Some fun things to share on my sewing table this week. 🙂 Not only another red, white, and blue sewing project, (I guess I’m just so predictable) but amidst all of that fabric and quilt blocks are also some of the most gorgeous quilting tools you’ll ever see or feel.
This week let me introduce you to Chris Hanson, the talented craftsman behind Modern American Vintage.
I met Chris last year at Garden of Quilts and gave me a set of tools to work with. I was blown away not only by the beauty and quality of the tools he creates but even more so by the way these tools feel in your hands.
I’m trying to find words that describe how they feel. The wood is smooth as silk, but also solid and sturdy. To be honest though, there’s more to it than that – I think it’s the inherent qualities of materials handcrafted from natural products that make them such a pleasure to work with.
Chris’s carefully handcrafted products have been recognized throughout the quilting industry for their quality as well as their unique style.
Chris learned his woodworking skills from his grandfather, but it is his quilting mother who inspires his creations. (Good job, mom!)
And Chris has recently added combo Hera Markers/Turning Tools, Finger Pressers, and Seam Rollers to his shop.
What is a Quilter’s Clapper?
I wasn’t familiar with wooden Tailor’s Clappers until just a few years ago. A tailor’s clapper is a flat block of hardwood, often rounded on the ends. It works by placing this solid weight on a seam after ironing and absorbing the steam applied to a seam, and locking in the heat. As you press down on a seam with a clapper, the pressure sets the seam flat as the fabric cools, for beautifully flat seams and quilt blocks.
I don’t put water in my iron (for a few reasons – I think it shortens the life of the iron, and adds the risk of spitting mineral build up onto my fabric) so usually I’m working with a dry iron, although I do sometimes use water or Flatter spray.
Spraying my blocks (or even when I don’t spray) and then setting a clapper on the warm fabric/seams, creates a beautiful, flat quilt block – especially those blocks with lots of seams. You can see above – the nine-patch blocks, both pressed well with a hot iron. On the left I used the clapper right after pressing vs the block on the right which I didn’t use the clapper.
If you’d like to learn more about Clappers, check out the post The Science of Tailor’s Clappers from Suzy Quilts.
In addition to the Quilter’s Clapper, I have absolutely loved using these tools. Their ergonomic shape + the smooth wood feels like butter (but solid and not greasy) in my hands. The point turner is sturdy, but not too pointy where it could poke through fabric. The seam ripper handle is easy to hold and the blade is large and sharp. Makes using a seam ripper pleasant. 😉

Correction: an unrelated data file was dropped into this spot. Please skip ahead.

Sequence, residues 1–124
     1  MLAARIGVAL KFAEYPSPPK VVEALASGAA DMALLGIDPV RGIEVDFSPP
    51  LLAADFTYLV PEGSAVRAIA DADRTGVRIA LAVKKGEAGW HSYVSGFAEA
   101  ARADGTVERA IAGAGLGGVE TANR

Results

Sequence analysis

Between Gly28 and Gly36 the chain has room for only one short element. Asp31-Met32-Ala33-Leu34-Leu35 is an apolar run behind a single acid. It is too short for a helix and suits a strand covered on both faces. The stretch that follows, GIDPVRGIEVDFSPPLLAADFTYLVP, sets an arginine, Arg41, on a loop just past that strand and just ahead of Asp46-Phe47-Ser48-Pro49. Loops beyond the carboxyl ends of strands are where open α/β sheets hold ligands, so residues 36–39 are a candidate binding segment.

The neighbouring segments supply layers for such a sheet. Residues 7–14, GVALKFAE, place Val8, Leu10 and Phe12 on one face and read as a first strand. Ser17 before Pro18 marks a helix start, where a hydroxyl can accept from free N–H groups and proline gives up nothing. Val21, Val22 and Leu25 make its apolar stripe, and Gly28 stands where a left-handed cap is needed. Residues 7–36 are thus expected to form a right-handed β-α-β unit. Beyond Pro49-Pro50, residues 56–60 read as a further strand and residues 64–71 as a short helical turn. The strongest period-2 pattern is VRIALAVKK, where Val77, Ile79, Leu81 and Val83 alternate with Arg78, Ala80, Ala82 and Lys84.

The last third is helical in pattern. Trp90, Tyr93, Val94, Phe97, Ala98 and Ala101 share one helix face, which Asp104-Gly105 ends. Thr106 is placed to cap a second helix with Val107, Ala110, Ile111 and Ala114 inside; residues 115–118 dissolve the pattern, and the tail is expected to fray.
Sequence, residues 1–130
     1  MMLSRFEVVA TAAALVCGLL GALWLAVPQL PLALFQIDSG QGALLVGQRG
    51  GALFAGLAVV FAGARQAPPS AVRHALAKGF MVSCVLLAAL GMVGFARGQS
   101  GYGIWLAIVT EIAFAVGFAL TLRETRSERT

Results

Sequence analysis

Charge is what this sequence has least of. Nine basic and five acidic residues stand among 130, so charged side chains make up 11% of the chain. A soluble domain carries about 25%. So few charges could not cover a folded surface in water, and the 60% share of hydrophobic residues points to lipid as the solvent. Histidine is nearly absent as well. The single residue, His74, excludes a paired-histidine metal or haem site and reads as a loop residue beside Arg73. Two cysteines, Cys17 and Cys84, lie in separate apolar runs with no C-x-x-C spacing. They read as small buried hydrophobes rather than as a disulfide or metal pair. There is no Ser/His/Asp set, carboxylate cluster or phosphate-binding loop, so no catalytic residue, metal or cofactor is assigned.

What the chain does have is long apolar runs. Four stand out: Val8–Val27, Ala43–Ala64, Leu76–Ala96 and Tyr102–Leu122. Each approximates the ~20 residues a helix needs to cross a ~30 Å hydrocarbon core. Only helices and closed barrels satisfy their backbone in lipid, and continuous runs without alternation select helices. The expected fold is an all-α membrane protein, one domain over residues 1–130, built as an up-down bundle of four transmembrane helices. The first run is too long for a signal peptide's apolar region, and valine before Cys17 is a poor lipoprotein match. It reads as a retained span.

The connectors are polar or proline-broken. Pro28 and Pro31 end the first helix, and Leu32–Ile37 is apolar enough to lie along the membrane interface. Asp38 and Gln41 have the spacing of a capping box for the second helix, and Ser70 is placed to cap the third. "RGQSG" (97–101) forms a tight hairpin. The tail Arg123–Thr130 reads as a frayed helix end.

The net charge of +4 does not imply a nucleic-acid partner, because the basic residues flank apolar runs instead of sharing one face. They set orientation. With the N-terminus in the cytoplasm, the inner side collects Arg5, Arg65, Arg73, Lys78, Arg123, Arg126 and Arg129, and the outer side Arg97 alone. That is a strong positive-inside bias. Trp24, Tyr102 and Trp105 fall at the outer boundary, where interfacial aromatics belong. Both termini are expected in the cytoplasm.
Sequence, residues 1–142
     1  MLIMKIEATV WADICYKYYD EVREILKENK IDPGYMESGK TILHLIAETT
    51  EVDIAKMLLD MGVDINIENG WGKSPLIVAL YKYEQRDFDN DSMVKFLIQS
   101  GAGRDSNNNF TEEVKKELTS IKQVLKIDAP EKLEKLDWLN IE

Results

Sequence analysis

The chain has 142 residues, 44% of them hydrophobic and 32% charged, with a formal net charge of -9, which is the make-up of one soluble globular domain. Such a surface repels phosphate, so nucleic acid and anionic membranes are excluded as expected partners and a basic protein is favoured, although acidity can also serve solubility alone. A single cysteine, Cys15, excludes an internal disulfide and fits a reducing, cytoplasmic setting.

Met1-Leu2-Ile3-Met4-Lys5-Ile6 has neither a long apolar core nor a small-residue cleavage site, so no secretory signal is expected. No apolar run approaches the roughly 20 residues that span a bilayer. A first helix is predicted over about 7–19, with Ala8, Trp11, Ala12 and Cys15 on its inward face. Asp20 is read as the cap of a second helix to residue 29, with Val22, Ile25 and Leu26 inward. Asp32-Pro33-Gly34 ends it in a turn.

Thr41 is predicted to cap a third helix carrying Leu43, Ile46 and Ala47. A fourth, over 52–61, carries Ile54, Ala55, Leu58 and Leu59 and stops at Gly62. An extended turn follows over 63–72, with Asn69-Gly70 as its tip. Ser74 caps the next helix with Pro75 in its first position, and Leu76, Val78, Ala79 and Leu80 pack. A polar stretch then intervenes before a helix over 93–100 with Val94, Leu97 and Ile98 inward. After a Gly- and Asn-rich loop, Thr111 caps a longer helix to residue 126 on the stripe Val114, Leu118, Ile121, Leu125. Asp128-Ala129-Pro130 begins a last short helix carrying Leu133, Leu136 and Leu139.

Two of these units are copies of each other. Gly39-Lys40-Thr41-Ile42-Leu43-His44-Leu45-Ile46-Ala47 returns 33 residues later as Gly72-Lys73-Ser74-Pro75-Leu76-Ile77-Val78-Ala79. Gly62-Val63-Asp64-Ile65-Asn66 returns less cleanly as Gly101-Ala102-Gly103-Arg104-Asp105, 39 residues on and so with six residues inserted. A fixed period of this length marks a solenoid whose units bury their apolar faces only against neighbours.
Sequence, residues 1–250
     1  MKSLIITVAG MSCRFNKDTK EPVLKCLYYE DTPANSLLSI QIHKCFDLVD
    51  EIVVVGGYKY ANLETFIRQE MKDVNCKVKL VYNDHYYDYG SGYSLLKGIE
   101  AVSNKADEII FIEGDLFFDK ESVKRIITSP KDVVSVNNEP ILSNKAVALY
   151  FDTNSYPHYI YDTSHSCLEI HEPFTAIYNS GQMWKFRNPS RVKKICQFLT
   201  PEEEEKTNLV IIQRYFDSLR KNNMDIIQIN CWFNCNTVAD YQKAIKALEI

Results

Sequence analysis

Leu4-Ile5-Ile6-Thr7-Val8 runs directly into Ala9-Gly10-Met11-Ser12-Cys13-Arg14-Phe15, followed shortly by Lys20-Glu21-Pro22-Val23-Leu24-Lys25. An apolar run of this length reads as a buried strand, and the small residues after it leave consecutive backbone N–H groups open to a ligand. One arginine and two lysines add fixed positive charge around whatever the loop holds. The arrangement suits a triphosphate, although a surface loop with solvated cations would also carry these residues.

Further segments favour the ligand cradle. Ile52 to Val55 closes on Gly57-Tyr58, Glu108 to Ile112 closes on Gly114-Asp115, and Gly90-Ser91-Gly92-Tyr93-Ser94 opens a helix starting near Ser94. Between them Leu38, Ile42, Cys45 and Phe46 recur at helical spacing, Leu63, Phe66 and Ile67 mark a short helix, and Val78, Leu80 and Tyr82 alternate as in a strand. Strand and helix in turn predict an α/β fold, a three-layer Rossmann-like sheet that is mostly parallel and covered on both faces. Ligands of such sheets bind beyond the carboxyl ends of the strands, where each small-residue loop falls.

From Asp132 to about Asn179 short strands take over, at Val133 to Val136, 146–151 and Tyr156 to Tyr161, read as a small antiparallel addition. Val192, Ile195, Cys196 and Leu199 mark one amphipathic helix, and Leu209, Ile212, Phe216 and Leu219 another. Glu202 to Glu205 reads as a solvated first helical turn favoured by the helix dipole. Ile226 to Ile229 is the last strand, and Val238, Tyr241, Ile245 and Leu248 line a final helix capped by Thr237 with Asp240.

The edge of the Hera marker makes a beautiful, crisp crease on you fabric, perfect for marking and creasing quilting lines on your basted quilts.
All of these tools – and more – are found in Chris’ shop at
Thanks to Chris’s generosity (and talent) he has a 3-piece Archie kit of a Point Turner, Hera, and Seam Ripper made with Ambrosia Maple handles (like mine!) on Sugar Maple blades to giveaway to one of you!
GIVEAWAY CLOSED: Find Chris and Modern American Vinage and follow @modern_american_vintage on Instagram. Then leave a comment on this post telling me you’ve done so and which tool you’d most like to try. (Because of spam filters I have to manually approve all comments, so don’t panic if your comment doesn’t show up right away. I will approve all comments as soon as I get to my computer.)
I will randomly select a winner next Tuesday, June 28.
You must be following Chris’s Instagram to win. I understand that not everyone is on Instagram. Giveaway terms are set by the generosity of the giver. If this giveaway isn’t the right fit for you, don’t worry, there will always be more!
And here’s a peek at what’s currently on my sewing table. I started making an updated version of my Land That I Love pattern last fall when I was teaching a class on it at Garden of Quilts. After the class finished, I threw everything in a box thinking, “I’ll pull this out next spring and easily finish by the 4th of July.”
And then I totally forgot about it. Like one does.
But I’m having fun working on it this week! Probably won’t be quilted by the 4th of July, but it’ll be ready for the rest of the summer. I love taking old patterns and giving them a new look. I’m really enjoying washed out quilts lately (see my US Flags and Union Jacks from last year.)
And speaking of Flags and Garden of Quilts:
This September I’m only teaching one class at Garden of Quilts – my Fly the Flag sampler quilt. Registration is open now and the class is filling up. If you’re interested in sewing with me grab your spot soon!
If you’re not able to come to Garden of Quilts, you can still find the Fly the Flag pattern here.